Dissociation is a feeling of not being present – as if you are observing your own emotions or experiences outside of your body.
It can vary from minor, short instances to long-term dissociation – or Dissociation disorder.
When experiencing dissociation it can happen in several forms including:
- Unable to remember information about yourself or things that have happened.
- Feeling ‘foggy’ or as if things around you are not real.
- Feeling disconnected from your body and your emotions. Not fully feeling, but rather observing.
All of these feelings can come and go in minutes, hours, or even days.
What causes dissociation?
Many can have temporary and short experiences of dissociation. This usually happens when you find yourself in a stressful, shocking, or upsetting situation.
You can feel as if you can’t fully connect to your feelings about a situation. This happens when you are almost unable to keep up with your emotions.
You can react during a bout of dissociation in several ways including:
- By focusing on something insignificant instead of what is happening.
- Reacting in an “unconventional” way. For example, laughing hysterically at a funeral.
- Not being able to react at all. You don’t know what to say or do, so stay still and quiet.
Every cause is different to each individual, and dissociation is a very common response to something that may cause hurt, upset, or trauma. This is a mental response to keep you safe. When you experience dissociation this is your instinctual reaction to mentally protect yourself from harm.
To others, many can see dissociation as ‘rude’ or ‘heartless’, it is important however to understand how common this reaction can be and to not have certain expectations of how someone might react to something.
Long-term Dissociation, or Dissociation Disorder
This form of dissociation develops as a result of not addressing when it becomes a regular occurrence.
As with all mental issues, if your auto-response is to disconnect to all stressful situations, this may have stemmed from a traumatic event in your life yet now has become your default response.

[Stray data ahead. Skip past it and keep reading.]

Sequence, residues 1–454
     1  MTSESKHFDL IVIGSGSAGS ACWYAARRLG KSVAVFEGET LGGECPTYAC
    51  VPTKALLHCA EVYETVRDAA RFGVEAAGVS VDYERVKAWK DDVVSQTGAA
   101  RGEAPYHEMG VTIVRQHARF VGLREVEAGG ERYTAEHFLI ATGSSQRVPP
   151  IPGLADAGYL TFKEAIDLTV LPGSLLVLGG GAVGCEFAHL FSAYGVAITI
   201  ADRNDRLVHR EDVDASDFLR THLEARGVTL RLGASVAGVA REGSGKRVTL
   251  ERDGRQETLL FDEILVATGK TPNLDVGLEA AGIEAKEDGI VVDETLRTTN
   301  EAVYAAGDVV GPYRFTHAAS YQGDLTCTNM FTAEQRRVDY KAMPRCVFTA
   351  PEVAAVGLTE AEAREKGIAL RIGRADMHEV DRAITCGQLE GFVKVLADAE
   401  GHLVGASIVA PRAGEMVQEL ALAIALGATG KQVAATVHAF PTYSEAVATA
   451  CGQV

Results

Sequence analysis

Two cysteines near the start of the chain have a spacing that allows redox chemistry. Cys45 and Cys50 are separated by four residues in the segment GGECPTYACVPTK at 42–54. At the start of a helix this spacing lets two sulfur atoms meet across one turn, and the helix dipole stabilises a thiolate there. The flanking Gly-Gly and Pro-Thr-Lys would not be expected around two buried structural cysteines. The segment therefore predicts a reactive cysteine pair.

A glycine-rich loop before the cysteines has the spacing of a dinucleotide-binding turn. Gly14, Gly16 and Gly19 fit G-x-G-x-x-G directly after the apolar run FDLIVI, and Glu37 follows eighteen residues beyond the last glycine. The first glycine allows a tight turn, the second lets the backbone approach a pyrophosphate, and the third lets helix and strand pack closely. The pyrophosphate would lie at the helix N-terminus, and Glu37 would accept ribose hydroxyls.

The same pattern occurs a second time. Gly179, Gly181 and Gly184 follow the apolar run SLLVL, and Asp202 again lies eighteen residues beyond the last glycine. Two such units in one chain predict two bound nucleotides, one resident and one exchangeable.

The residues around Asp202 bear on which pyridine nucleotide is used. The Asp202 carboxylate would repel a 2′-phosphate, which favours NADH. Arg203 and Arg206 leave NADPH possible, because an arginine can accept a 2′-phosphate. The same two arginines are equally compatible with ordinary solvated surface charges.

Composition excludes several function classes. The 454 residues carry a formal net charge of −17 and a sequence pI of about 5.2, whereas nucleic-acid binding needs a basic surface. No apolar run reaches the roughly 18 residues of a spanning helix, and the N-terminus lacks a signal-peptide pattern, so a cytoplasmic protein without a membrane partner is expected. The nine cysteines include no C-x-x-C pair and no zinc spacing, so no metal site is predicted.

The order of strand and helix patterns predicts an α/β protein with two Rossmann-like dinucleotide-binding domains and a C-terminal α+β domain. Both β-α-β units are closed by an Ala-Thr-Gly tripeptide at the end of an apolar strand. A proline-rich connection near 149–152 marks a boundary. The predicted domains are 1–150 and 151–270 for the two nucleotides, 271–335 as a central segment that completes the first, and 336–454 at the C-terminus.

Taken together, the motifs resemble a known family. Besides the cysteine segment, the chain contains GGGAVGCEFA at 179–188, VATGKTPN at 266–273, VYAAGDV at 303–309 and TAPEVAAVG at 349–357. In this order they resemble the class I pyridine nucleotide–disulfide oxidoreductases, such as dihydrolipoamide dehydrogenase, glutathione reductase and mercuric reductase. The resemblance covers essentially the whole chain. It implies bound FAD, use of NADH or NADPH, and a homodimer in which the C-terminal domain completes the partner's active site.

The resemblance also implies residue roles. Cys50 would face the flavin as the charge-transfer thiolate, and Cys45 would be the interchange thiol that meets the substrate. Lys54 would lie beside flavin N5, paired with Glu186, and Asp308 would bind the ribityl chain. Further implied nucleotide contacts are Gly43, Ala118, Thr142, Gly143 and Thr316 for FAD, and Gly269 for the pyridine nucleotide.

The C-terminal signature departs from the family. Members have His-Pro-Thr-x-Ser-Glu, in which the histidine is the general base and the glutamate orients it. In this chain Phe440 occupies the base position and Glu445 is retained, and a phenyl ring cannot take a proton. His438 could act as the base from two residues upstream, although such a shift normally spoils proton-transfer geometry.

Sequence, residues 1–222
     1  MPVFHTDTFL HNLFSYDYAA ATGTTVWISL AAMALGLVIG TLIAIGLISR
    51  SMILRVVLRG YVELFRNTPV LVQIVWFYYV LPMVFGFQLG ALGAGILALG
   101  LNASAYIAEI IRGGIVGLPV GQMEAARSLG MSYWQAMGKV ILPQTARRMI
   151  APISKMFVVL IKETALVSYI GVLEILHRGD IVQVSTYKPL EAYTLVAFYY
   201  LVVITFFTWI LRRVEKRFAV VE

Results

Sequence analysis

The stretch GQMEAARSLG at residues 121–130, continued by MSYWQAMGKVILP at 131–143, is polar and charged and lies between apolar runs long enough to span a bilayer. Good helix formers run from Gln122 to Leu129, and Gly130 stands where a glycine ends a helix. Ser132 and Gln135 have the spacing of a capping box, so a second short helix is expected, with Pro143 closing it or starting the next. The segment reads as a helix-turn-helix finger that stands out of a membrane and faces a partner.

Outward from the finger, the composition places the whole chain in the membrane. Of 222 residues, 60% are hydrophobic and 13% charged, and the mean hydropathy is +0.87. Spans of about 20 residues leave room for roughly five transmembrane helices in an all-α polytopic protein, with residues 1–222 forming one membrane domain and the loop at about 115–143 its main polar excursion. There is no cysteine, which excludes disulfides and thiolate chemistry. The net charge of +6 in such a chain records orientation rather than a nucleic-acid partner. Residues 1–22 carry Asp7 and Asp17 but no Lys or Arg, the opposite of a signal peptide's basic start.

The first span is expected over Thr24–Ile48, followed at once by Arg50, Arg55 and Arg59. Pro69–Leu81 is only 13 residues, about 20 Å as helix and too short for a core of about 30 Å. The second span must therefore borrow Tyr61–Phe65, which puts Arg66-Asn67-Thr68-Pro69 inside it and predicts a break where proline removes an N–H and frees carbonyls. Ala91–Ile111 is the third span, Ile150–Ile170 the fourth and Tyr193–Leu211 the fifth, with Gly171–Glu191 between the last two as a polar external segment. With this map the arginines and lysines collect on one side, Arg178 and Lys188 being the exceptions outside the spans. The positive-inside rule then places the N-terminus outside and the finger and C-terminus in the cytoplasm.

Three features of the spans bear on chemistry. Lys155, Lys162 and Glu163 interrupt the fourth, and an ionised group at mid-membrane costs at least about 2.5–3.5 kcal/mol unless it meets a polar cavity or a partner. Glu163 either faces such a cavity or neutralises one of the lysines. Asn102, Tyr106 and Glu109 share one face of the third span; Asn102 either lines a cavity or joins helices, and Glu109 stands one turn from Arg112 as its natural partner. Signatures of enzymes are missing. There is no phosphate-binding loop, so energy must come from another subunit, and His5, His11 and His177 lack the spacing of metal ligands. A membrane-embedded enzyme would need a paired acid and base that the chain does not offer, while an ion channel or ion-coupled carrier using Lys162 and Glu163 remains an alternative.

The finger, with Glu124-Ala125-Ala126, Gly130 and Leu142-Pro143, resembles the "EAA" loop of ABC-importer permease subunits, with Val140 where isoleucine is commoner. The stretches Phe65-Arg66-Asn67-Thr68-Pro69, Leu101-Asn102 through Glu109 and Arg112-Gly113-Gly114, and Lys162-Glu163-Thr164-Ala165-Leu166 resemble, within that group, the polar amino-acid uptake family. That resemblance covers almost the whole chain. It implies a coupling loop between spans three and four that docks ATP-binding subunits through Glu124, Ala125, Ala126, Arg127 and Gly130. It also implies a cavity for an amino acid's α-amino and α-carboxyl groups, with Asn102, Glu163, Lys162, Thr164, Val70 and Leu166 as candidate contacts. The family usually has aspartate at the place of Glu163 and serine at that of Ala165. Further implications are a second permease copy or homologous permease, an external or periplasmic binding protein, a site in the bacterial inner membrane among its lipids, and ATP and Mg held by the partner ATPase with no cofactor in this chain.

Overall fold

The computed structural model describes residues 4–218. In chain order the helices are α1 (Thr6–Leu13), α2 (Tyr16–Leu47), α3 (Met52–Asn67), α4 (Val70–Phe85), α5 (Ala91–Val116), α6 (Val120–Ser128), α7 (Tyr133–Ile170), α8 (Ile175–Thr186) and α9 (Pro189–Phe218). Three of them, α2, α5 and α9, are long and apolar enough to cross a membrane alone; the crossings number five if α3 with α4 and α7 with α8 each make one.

This can affect your day to life making you unable to fully move forward within your life- keeping you “safe”.
And safety is important but can affect your ability to try new things or create new successes or achievements within your life. If you believe that dissociation is affecting your day-to-day life and stopping you from doing certain things, then therapy can be a highly beneficial way to rework this.
How can therapy help?
Once you have understood that you are experiencing dissociation, therapy will offer you a safe space to delve into what happens before, during, and after you dissociate.
You and your therapist are then able to explore what you are distancing yourself from and what steps you can take to be more present, even in those triggering situations.
How can Therapy in London help?
We believe that any issues you may face are unique to you. Our practitioners want to fully understand what you are going through and be a part of your journey to being happier, healthier, and more fulfilled.
When trying to understand your own dissociation it can feel lonely and confusing. This is why we ensure that your therapeutic space is somewhere you can feel safe, grounded, and able to willingly explore what you are experiencing.
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